It looks like we're all talking at slightly cross-purposes.

If I've got 150g chicken and 400g chickpeas that I want to use up in a single recipe then that's difficult to do - even with the Google approach that skillet suggests. As you say, Google can give you recipes that include/exculde ingredients which you then have to sift through to find one that matches what you have. Even modifying what you propose by adding a quantity (i.e. "150g brown rice") instantly removes lots of results (where you might choose to modify a recipe that only has 140g).

So what we're looking for is something where you say "150g chicken", "200g chickpeas" and it searches for the recipe that is the closest fit to what you have. Unless I'm missing something, Google can't do this. As GotGarlic says - It's boolean - true/false - no compromise. Whereas for the ingredient quantity, we want a fuzzy search with boolean just for the ingredient...
That isn't exactly what I said. I said you can do a Boolean search with Google (and other search engines). I did not say the results were true/false, black and white. In fact, Google does use fuzzy search logic. You can see it in action when you misspell a search term and it asks "do you mean this?" and displays the correct spelling. If you search for a chicken dish, it will also show results that include turkey. It only returns results with just the specific terms you used if you use the Boolean operator to tell it to do that.

http://whatis.techtarget.com/definition/fuzzy-search

It sounds like you have not actually tried it to see what I'm talking about.

You seem to be fixated on the idea that people search for specific amounts of specific ingredients. I don't believe they do. People just search for ingredients and a little more or less of this or that really only matters when it comes to some baking ingredients. A few tablespoons more or less of chicken or chickpeas are not going to ruin a dish.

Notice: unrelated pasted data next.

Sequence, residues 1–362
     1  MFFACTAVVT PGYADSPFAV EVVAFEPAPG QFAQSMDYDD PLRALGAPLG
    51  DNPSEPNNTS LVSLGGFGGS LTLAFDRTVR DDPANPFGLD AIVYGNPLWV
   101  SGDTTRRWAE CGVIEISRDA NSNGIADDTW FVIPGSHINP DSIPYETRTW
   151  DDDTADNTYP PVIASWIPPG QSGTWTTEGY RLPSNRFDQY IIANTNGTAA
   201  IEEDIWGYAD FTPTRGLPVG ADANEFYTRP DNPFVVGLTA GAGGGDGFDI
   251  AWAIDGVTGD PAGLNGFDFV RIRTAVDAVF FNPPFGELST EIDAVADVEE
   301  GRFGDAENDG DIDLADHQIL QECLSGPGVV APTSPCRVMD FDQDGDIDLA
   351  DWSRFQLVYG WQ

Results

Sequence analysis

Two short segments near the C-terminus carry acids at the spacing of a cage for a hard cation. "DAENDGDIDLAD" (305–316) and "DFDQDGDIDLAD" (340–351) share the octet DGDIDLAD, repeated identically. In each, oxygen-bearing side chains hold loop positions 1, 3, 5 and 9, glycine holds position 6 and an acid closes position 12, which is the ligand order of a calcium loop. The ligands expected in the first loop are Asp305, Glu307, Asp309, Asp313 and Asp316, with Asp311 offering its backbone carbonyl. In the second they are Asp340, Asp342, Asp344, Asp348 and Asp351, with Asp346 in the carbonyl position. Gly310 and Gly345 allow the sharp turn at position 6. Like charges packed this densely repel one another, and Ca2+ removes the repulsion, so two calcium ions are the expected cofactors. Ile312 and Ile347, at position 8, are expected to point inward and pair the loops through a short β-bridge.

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Old 09-08-2017, 03:08 PM   #29
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It sounds like you have not actually tried it to see what I'm talking about.
And you seem to think I don't know how Google works! I've been working with SEO (which basically means Google) for over a decade!

Quote:
Originally Posted by GotGarlic View Post
You seem to be fixated on the idea that people search for specific amounts of specific ingredients. I don't believe they do. People just search for ingredients and a little more or less of this or that really only matters when it comes to some baking ingredients. A few tablespoons more or less of chicken or chickpeas are not going to ruin a dish.
I also don't believe they do - and as somebody mentioned earlier in this thread, it's a learned behaviour. If you could search for a specific amount of an ingredient and get a result that matched what you were searching for then you would. And if it didn't find a match (which it won't) for the search term: recipe: "150g chicken" "400g chickpeas" "200g brown rice" (the quotes are important) then you end up with a 100% fuzzy search when you want something "more boolean" and less vague.

If I tell you that I've got the following:
150g chicken
400g chickpeas
200g brown rice.

I want to find a recipe which is as close as possible to using all of these ingredients - the top 5 Google Search Results don't even come close. (if you can share a link showing otherwise I'd certainly use it!)
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Old 09-08-2017, 03:30 PM   #30
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And you seem to think I don't know how Google works! I've been working with SEO (which basically means Google) for over a decade!
How do I know what you know? You said you're working on a master's degree. As far as I know, you could be 22 years old.

Btw, I started designing websites, including SEO, in the mid '90s.

Good luck with your project.
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Old 09-08-2017, 05:06 PM   #31